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Call for Papers

Saturday, February 26, 2022 

University of Florida (Gainesville, FL) 

 

View full article. | Posted in Calls for Papers on Wed, 07/21/2021 - 12:12pm by Erik Shell.

Call for Proposals – Symposium Cumanum 2022

The Vergilian Society seeks proposals for the twenty-eighth annual Symposium Cumanum, to take place at the Harry Wilks Study Center at the Villa Vergiliana in Cuma, Italy in late June 2022. We will consider a proposal on any theme pertaining to Vergil and his times, although preference may be given to a subject that has not been treated recently. Descriptions of previous symposia can be found on the Vergilian Society website, at https://www.vergiliansociety.org/symposium_cumanum/

Each proposal should be prepared by the person who is intending to direct the symposium, or by the lead person if co-directors are envisioned.  The successful director will have logistical assistance from the Vergilian Society’s Italian staff and from the executive committee; a set of guidelines is available to assist in planning.

View full article. | Posted in Calls for Papers on Mon, 07/12/2021 - 10:09am by Erik Shell.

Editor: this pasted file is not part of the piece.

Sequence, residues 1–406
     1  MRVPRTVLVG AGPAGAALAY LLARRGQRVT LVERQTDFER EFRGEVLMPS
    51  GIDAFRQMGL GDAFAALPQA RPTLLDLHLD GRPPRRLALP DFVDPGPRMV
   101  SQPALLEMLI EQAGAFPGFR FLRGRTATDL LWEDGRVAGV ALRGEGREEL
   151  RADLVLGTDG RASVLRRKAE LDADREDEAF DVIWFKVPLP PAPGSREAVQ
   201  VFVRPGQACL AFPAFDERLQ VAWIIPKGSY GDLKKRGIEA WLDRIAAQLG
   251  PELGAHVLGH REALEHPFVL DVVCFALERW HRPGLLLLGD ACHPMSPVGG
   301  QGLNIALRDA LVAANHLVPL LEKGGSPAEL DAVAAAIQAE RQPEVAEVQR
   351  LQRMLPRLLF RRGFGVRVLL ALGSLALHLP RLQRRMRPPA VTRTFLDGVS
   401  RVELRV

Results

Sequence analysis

Young man with a volumen, fresco from Pompeii, 1st c.C.E., Naples.

Our fifth interview in the Contingent Faculty Series is a virtual conversation between Dr. Taylor Coughlan and Dr. Daniel Libatique.  Dr. Libatique is a Visiting Assistant Professor in the Department of Classics at the College of the Holy Cross, from which he received his undergraduate degree and where he has taught since 2018. Daniel received his Ph.D. from Boston University in 2018, and his research interests include Augustan literature, Greek drama, gender politics and sexuality, reception studies, and student-centered pedagogy. In his research, Daniel’s approaches to texts often leverage various modern theoretical frameworks, including narratology and performance theory. His publications investigate topics like the cultural reception of Ovid in our modern #MeToo era, the creation of a Latin curriculum based on morphological and syntactic frequencies in real Latin texts, and attributions of speech in the fragments of Sophocles’ Tereus. Daniel is also heavily involved in the application of digital humanities to the study of Classics and is currently working with his colleagues at Holy Cross to restructure their introductory Greek curriculum. For more of Daniel’s work, check out his website.